You can use any kind of injection. The “plugins” property as pattern is not requirement. Use any creational patterns not to duplicate the creation of panel as well as gain flexibility in re-using the code and applying conditional algorithms there.


MyApplication.windows.FormBuilder.CreateMySuperPanel = function(){   
           //some conditional logic related to creation
           //
           var panel = new Ext.Panel({frame:true, renderTo:'panel',items:[button]);
           var button = new Ext.Button({text:"Ok", width:50});
           var stateHandler = new StateHandler(button);
           stateHandler.init(panel); 
 
}

 You can approach it in many ways, the main is to keep in mind separation of concerns. The initial concern is to wire all dependencies. I bet it’s much better to have class named “builder” that creates the panel at your will rather than to extend that panel for injection of only creation routine.

  
  var StatePanel = Ext.extend(Ext.Panel,  {
    myConfigConstant:'someConstant',
    frame:true,
    ...
    constructor:function(config) {
           config.items = config.items || [];
           var button = new Ext.Button({text:"Ok", width:50});
           config.items.push(button);
           StatePanel.superclass.constructor.call(config, this);
           button.on("click", this.onClick, this);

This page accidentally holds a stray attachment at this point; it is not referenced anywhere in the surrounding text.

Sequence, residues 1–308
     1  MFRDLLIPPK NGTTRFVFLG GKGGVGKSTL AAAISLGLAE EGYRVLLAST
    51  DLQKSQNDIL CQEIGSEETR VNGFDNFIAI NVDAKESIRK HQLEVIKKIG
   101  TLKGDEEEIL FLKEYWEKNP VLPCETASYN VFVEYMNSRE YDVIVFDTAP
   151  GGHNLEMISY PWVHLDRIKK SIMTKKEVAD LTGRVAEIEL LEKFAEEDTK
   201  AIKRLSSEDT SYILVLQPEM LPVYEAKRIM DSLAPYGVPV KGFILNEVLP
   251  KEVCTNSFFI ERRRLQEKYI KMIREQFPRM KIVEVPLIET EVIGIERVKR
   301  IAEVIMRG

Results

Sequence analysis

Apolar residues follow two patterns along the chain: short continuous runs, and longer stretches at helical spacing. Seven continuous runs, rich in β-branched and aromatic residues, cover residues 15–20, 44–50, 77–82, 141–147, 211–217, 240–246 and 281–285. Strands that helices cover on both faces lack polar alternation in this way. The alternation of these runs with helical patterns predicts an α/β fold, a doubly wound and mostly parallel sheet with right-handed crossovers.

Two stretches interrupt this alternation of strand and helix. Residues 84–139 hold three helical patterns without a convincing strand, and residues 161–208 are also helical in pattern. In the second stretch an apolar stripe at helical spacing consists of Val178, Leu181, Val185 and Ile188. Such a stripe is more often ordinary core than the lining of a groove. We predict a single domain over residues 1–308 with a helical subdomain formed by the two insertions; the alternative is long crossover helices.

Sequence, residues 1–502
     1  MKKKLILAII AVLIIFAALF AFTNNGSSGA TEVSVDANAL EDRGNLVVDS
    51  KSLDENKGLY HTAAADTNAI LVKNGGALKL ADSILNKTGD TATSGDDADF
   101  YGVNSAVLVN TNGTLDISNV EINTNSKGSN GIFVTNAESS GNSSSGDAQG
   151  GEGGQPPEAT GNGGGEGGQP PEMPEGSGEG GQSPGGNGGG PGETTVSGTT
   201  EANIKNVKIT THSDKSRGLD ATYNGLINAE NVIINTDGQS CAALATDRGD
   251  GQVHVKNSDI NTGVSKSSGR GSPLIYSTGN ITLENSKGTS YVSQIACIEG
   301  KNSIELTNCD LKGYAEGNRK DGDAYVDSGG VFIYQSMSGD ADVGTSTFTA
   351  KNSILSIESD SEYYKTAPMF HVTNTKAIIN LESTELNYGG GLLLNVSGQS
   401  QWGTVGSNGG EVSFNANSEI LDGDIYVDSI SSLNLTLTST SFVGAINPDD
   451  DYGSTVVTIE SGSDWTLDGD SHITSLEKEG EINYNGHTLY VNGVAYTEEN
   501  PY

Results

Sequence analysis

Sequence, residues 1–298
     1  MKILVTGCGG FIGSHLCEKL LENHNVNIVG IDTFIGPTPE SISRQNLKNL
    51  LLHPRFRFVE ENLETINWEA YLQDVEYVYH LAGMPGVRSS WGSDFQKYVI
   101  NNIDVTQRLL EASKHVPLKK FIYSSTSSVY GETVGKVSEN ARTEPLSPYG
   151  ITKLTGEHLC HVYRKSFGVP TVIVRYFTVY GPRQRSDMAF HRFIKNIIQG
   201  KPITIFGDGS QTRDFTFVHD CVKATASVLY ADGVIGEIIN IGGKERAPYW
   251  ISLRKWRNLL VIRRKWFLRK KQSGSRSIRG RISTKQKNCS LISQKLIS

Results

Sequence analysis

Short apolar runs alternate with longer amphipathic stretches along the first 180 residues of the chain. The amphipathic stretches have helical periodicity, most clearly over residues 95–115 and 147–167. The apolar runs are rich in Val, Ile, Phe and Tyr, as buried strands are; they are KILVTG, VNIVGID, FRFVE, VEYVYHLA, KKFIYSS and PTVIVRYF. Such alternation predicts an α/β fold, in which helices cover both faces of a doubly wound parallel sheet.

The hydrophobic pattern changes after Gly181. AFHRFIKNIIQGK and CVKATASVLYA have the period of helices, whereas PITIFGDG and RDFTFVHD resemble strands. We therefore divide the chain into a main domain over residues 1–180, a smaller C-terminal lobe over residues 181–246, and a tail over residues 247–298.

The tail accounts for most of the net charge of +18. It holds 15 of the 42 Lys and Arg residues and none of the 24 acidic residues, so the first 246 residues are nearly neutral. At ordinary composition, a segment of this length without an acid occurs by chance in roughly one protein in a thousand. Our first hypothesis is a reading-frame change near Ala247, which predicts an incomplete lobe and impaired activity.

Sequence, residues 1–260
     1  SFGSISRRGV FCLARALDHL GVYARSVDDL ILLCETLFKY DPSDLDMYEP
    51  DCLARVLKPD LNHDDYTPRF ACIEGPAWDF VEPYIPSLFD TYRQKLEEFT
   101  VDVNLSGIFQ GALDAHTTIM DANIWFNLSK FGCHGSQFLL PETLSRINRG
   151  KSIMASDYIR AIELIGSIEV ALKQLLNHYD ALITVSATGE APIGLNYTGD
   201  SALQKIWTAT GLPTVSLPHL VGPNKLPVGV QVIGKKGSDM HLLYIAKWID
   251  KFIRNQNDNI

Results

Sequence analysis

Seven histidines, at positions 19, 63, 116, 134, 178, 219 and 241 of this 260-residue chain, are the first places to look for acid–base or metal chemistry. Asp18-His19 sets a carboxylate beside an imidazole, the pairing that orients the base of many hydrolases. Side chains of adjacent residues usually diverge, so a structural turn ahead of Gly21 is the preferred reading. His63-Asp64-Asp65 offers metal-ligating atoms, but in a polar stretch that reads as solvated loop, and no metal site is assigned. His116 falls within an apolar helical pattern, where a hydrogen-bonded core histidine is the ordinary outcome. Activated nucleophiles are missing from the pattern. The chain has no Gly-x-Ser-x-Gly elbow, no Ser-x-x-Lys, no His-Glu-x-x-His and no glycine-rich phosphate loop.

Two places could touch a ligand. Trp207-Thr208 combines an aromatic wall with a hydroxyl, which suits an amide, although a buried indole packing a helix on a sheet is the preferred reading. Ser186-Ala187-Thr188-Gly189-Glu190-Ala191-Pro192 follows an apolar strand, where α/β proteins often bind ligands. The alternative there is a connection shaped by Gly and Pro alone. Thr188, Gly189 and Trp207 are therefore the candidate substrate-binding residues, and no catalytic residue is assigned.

},
   

 The next concerns are view and controller where the controller is the “StateHandler” and view is “Ext.Panel”. This approach will evolve your architecture in future. Though it cannot be considered as remedy. You cannot apply it to everywhere, for instance, a gender control. I wouldn’t implement controller and builder for it I would rather implement “Preconfigured class”.

  
 Ext.extend( Ext.form.ComboBox, {
      typeAhead: true,
      triggerAction: 'all',
      lazyRender:true,
      mode: 'local',
   
   constructor :function(){
       var male = "male";
       var female = "female";
   }

});


 

 I call such component the “primitive component”. It’s not worth to apply builder and controller as separate classes. It is pretty enough to pre-configure. I don’t believe that the gender component will ever grow. In other words if it’s simple per se, don’t add extra complexity. It is not worth to segregate extra classes to highlight their relationships.

Categories: anti pattern, ExtJs, javascript

JavaScript “finally” block is anti pattern.

September 21, 2009 4 comments

  I bet many of us hate debugging JavaScript code. The absence of strong-typing makes you pain when trying to figure out the error. So, you must employ the best patterns and practices of JavaScript and implement client code accurately. In some cases a debug tool becomes a useless tool.